Migration History

The research project breaks with the frequently adopted perspective of whence and whither, or the analysis of push and pull factors, instead placing the migration processes of Jewish immigration to Palestine at the center of the investigation. Thus, questions about the actors and the structures that determined the migration take precedence. In addition, the periodization from 1920 to 1938 sets a focus beyond previous research emphases, which primarily considered the years 1880 to 1914 or 1933 to 1945. The interwar period, which has been largely neglected to date, thus constitutes the chronological core of the study and uncovers Jewish migration history to Palestine in this “intermediate phase.” By focusing on the ship as a translocal place and a transnational space all its own, the study also challenges national historiographies and looks closely at the European dimension.

Through this research approach, the protagonists or shapers of “ship” as a space move to the center of attention, i.e., the European shipping companies and the Zionist organizations. In particular, the study elaborates on their motives, strategies, and scope for action in the context of the Jewish migration movement to Palestine. Elements taken into account include the development of the European shipping companies, their economic and socio-political interests in shipping to Palestine, but also the concepts and efforts of the Zionist organizations to conquer the sea and the “ship” as a space – entirely along the lines of a national regeneration – as well as the real experiences of the emigrants and travelers on board.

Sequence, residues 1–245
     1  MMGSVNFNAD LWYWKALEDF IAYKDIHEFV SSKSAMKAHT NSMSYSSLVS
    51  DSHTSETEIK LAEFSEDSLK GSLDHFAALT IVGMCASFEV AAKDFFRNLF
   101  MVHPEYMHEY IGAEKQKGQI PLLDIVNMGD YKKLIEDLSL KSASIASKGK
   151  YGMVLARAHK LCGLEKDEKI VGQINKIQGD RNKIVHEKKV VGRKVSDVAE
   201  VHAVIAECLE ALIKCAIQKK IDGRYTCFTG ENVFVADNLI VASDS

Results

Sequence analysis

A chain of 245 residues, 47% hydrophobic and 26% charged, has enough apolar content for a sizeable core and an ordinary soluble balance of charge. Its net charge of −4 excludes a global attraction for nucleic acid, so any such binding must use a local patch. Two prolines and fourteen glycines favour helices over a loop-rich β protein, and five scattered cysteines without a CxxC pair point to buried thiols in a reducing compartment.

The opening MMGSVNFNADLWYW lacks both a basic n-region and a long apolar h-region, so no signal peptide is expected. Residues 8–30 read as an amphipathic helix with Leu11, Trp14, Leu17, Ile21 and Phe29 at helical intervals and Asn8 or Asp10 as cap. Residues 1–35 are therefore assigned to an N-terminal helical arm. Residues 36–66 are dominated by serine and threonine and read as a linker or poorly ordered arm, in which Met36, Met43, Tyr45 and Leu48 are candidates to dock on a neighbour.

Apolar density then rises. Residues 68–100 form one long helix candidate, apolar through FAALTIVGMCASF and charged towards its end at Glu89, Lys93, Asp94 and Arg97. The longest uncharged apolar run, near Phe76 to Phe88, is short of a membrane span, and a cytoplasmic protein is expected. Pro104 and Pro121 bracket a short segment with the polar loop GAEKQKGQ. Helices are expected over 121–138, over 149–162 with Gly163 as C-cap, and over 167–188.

In this way, the project picks up on previous research, expanding it under specific aspects and at the same time setting new accents in Jewish migration research. Notably, the focus on the ship aims at making it possible to elaborate on the transnational characteristics of the Jewish migration movement, to contour the decisive protagonists of the migration processes in terms of personnel and organization, and to uncover a central part of Jewish and European history.

Dr. Björn Siegel
Phone: +49 (0)40 42838-2985
E-mail: bjoern.siegel[at]igdj-hh.de

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